§ 5. Dr. Julian Lewis (New Forest, East)
How many times he has met the United Kingdom Atomic Energy Authority in 1998 to discuss energy policy. 
§ The Minister for Education and Industry, Scottish Office (Mr. Brian Wilson)
Earlier this year, my right hon. Friend the Secretary of State met the chief executive of the United Kingdom Atomic Energy Authority to discuss nuclear issues.
§ Dr. Lewis
We have learnt that in March the United Kingdom Atomic Energy Authority had already recommended closing Dounreay. That was at about the time the Prime Minister agreed to accept a further nuclear shipment from Georgia. Was the Prime Minister informed of that UKAEA recommendation and, if so, why did he not tell the full story to the House? If he was not informed, who at the Scottish Office was responsible for the failure to inform him? If that failure was the fault of the Scottish Office, is that not another reason why the Secretary of State's reputation is fast approaching critical nuclear meltdown?
§ Mr. Wilson
If I knew who the hon. Gentleman was, I would be able to reassure him personally that the Secretary of State's reputation across the political spectrum in Scotland is extremely good, and it is based on integrity over many years in public life. The decision to accept the Georgian shipment was based entirely on our international commitments and it would have been a dereliction of duty not to accept that small cargo when we had the capacity to do so. I am proud of the fact that we in this country are willing to accept our international obligations—and we shall continue to do so.
§ Miss Anne Begg (Aberdeen, South)
My hon. Friend will remember the BBC programme "Frontline Scotland" that exposed last year the existence of the waste shaft at Dounreay and nuclear hot spots on the beach there. What action are the Government taking to ensure that the Dounreay site is safer?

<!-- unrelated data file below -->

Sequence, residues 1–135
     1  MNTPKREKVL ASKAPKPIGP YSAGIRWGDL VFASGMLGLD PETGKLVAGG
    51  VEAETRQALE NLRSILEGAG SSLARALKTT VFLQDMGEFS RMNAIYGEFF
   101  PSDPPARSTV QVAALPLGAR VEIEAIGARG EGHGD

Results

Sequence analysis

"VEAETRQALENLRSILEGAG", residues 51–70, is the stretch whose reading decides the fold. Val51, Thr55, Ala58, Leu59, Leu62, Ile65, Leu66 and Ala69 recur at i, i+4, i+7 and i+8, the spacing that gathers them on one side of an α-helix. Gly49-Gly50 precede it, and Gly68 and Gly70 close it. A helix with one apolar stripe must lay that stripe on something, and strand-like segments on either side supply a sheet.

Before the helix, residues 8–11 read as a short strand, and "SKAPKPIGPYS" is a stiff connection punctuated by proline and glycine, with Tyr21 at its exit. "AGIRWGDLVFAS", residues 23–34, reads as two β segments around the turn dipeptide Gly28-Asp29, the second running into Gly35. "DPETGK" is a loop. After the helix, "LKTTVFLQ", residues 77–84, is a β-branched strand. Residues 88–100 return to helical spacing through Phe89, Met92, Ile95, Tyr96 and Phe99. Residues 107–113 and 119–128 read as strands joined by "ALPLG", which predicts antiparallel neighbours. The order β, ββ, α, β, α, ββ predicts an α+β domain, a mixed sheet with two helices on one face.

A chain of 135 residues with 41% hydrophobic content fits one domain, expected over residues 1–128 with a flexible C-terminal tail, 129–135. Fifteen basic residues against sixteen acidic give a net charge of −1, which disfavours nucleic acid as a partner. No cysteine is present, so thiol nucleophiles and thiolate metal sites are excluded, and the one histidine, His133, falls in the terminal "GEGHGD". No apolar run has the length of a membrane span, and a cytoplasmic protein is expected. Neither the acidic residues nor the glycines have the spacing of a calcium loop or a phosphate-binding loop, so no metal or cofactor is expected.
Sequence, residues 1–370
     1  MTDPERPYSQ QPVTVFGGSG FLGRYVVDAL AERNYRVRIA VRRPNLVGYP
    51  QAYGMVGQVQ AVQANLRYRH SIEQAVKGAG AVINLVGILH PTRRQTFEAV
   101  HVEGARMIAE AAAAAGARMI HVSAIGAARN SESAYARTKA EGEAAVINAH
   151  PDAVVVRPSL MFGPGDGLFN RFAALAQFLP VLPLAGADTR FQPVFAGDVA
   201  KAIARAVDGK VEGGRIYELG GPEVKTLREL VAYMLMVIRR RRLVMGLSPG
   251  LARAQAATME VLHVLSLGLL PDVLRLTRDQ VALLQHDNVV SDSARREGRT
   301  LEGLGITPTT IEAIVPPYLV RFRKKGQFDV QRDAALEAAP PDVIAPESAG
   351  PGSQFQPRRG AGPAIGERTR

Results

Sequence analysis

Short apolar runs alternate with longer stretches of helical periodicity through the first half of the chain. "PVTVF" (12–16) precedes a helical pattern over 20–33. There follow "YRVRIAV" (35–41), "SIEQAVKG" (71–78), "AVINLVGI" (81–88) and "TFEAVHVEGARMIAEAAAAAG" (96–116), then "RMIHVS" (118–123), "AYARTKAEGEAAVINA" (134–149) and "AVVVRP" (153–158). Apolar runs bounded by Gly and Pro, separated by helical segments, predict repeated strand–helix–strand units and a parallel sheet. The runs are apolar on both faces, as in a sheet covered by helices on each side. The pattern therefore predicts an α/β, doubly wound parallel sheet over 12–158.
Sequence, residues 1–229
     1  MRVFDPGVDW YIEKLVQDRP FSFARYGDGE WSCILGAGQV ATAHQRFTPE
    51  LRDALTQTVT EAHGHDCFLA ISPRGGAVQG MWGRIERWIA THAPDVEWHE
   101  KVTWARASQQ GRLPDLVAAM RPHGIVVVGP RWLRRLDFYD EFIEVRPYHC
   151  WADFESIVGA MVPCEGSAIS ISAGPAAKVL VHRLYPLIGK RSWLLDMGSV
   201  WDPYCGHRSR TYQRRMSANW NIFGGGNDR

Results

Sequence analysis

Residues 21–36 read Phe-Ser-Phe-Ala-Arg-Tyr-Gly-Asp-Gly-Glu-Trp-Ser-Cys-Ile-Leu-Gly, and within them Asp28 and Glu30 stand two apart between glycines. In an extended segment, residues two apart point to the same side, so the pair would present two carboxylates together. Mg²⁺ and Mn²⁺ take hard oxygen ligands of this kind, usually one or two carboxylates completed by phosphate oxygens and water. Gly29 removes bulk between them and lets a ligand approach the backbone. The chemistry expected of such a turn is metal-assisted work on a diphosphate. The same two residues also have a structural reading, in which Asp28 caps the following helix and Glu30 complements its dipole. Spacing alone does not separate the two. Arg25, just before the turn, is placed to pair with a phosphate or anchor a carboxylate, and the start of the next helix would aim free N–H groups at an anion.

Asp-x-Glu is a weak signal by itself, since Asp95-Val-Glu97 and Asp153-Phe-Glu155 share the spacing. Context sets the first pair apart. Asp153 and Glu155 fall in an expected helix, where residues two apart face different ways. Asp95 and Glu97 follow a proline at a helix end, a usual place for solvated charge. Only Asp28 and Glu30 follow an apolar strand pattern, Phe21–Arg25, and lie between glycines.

§ Mr. Wilson
We are doing a great deal. My hon. Friend mentioned the waste shaft. The problems associated with it did not arise after 1 May last year; they developed over many years —and Conservative Members have the brass neck even to raise this issue. The previous Administration completely ignored the problems, presumably in the hope that they would go away or not be noticed. This Government came to power, recognised the problems at Dounreay and acted on the waste shaft, just as we acted on other issues that arose at Dounreay over a long period.
If ever a Government inherited problems that they did not create, and showed that they had the courage to face up to them, it is the present Government, in our response to the problems that had built up over the years at Dounreay.
§ Ms Roseanna Cunningham (Perth)
The Minister will be newly aware of the fact that 75 kg of weapons grade 830 plutonium will shortly be on its way to Dounreay. Will he now advise us how many other commercial reprocessing contracts are outstanding for Dounreay?
§ Mr. Wilson
It is the usual stuff from the SNP. To throw in—
§ Ms Cunningham